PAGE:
Muscle cars, clenched fists in frenzied Duterte rally

Joel Guinto, ABS-CBN News

Rodrigo Duterte. ABS-CBN News

MANILA - Muscle cars closed off Manila's main park on Saturday as supporters of presidential frontrunner Rodrigo Duterte raised their clenched fists at a final campaign rally that mirrored public frustration over the outgoing government's shortcomings.

The 71-year-old maverick mayor of Davao City, who has vowed a "bloody war" against crime, will speak before thousands in Luneta after sundown. It will be the culmination of a bruising campaign that saw him as the surprise favorite despite constant controversy.

"I want to live in a safe country, that's why I'm voting for him," 43-year-old Christian pastor Jennifer Cobarrubias told ABS-CBN News.

Cobarrubias said she would vote for Duterte on Monday despite his vow to kill all criminals. "Our God is a God who loves everyone and hates sin. Duterte hates sin, not the sinner," she said.

The mother of two said she lost her wallet to petty thieves while commuting in Quezon City last year. She said her staff had also been mugged on a bus.

"Only Duterte has the guts, the political will to get things done," said Cobarrubias' 51-year-old businessman husband, Jimmy. The couple came to the rally in matching red shirts.

Duterte was poised to be the first president from the main southern island of Mindanao, which is mired in poverty from decades of conflict.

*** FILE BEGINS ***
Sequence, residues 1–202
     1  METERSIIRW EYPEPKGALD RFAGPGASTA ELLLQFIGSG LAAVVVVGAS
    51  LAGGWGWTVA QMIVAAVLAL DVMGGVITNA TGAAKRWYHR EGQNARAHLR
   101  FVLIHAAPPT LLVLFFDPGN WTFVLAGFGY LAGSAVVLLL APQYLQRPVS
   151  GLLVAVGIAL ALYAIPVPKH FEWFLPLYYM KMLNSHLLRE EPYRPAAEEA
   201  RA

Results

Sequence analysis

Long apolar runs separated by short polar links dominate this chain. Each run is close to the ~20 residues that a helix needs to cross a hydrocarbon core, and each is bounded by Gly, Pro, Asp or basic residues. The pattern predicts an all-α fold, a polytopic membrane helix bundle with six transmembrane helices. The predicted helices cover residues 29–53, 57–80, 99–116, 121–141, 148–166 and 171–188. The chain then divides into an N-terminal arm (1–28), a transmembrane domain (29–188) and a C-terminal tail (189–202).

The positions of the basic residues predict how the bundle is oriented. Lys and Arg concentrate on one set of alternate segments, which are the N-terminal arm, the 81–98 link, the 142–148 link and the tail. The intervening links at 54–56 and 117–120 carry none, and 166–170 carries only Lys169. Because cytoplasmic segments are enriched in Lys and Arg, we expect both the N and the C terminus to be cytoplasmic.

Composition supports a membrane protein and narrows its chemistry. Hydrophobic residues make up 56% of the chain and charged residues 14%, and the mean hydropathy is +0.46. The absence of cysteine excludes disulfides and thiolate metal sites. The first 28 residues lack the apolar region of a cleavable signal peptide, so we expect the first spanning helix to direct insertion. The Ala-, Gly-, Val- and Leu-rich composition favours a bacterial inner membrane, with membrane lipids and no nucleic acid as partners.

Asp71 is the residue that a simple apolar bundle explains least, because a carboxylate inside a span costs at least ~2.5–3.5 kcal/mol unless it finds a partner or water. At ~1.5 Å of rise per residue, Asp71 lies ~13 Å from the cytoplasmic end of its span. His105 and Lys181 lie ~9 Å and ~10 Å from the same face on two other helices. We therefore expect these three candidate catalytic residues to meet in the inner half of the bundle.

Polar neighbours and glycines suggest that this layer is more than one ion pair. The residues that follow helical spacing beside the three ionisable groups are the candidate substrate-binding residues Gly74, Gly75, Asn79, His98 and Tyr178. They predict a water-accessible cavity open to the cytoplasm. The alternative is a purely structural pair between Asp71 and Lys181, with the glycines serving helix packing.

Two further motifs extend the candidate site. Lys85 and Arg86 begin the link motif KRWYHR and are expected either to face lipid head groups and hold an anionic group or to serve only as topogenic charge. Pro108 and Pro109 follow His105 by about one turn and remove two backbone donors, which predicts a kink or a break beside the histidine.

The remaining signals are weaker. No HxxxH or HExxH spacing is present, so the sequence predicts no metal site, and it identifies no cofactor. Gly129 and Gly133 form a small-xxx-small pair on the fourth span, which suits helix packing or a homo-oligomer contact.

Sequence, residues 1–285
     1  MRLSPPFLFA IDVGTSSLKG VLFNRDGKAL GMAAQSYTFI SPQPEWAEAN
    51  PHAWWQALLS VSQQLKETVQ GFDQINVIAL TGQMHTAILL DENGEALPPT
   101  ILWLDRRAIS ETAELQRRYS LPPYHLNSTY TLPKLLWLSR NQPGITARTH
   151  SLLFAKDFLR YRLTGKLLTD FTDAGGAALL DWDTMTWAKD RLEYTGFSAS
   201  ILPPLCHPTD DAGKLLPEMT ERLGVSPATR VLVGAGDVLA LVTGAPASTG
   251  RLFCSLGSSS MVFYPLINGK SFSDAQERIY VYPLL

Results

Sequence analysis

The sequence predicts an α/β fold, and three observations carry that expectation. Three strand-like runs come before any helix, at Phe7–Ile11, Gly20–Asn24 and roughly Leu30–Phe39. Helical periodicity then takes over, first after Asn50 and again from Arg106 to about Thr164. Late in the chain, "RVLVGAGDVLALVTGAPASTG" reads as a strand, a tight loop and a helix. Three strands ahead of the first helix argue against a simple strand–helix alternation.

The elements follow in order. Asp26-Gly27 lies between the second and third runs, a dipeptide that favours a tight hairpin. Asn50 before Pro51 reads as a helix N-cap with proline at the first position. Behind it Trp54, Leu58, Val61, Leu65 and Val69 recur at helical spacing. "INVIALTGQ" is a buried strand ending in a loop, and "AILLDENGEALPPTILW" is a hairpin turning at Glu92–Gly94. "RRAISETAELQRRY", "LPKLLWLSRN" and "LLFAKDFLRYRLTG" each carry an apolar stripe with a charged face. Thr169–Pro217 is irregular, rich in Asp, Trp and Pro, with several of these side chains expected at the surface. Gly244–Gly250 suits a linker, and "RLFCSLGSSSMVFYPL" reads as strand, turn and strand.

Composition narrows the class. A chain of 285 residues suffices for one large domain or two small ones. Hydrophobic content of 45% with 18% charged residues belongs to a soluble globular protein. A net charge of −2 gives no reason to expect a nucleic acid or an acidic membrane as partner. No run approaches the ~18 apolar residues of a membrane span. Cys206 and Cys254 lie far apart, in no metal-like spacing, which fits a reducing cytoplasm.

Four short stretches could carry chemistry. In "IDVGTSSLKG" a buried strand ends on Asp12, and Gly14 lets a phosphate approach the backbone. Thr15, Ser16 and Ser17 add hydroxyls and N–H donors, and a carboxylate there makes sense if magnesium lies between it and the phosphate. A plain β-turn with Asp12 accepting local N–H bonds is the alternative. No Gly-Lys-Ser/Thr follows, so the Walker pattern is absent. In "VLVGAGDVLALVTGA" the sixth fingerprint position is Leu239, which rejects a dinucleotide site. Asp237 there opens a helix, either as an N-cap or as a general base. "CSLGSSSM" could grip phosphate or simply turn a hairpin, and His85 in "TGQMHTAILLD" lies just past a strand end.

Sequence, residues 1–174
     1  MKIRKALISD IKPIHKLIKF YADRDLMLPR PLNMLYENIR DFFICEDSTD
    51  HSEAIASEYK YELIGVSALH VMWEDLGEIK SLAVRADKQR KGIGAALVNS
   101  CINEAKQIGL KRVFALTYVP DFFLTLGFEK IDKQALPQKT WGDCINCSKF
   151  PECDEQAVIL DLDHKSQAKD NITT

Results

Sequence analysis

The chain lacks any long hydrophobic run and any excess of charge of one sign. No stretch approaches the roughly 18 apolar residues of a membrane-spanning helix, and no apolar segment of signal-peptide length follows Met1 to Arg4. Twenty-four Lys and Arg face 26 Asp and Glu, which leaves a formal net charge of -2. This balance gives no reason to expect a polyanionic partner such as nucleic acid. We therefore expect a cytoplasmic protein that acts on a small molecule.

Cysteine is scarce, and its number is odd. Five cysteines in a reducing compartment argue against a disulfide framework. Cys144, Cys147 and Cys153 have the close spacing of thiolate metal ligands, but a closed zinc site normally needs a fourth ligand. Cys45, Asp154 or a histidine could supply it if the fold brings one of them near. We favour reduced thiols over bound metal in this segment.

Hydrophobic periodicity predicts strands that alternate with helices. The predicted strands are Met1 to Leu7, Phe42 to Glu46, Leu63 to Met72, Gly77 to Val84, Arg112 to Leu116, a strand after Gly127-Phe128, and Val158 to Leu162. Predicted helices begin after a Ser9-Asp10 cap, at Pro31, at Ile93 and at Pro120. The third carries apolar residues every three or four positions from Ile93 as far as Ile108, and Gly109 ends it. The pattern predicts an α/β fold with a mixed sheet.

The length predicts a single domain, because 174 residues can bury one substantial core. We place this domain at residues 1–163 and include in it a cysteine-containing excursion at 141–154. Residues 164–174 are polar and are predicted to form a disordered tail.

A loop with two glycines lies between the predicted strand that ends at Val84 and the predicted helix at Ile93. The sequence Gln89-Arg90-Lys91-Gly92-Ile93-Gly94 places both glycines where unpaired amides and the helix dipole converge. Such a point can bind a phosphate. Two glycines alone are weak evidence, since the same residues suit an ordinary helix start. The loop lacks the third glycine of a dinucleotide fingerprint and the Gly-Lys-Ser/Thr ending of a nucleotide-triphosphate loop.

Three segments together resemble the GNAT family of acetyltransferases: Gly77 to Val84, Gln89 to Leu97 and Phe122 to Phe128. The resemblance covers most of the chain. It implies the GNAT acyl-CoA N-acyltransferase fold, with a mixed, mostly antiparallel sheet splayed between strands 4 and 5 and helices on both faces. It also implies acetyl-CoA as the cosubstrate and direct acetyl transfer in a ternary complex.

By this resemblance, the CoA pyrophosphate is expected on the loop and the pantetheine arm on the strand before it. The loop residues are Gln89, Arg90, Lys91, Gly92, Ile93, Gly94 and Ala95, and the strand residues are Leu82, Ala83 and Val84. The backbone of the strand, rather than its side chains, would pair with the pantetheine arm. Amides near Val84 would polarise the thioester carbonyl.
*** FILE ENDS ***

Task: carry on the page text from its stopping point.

"Life is very hard. We are counting on him to help us," 40-year-old pirated DVD salesman Sowaiv Samporna told ABS-CBN News.

Samporna and his wife fled fighting in their home province of Lanao del Norte more than a decade ago and settled in a Manila slum to raise five children.

"I hope he can help me find a new job," Samporna said, adding he feared Duterte might shut down pirated software stalls in Quiapo district.

Giant pick up trucks and sports utility vehicles plastered with posters of the mayor surrounded a makeshift stage in Luneta, right in front of Quirino grandstand, where the country's last four presidents were sworn into office.

A long row of motorcycles doubled as a security cordon to keep supporters in red shirts in their designated areas.

Vendors hawked baller bracelets and shirts as the mayor's fans crowded beside his cardboard standee to take selfies.

Share prices closed lower for a third straight week on Friday with some investors unnerved over a perceived lack of clarity in Duterte's plans to sustain the economic turnaround started by Aquino.

The mayor has vowed to replicate his anti-crime campaign in Davao that made the city an economic hub in Mindanao.

But human rights groups said the peace was due to Duterte's tolerance of vigilante "death squads" that target even minors.

Duterte answered the death squad criticism with a vow to kill all criminals and pardon himself for murder. He also threatened to shut Congress if he is impeached.

He kept a comfortable lead over close rivals Sen. Grace Poe and administration bet Mar Roxas despite criticism over his cursing at Pope Francis, a revered figure in the predominantly Catholic nation, and joking about the rape of an Australian missionary.

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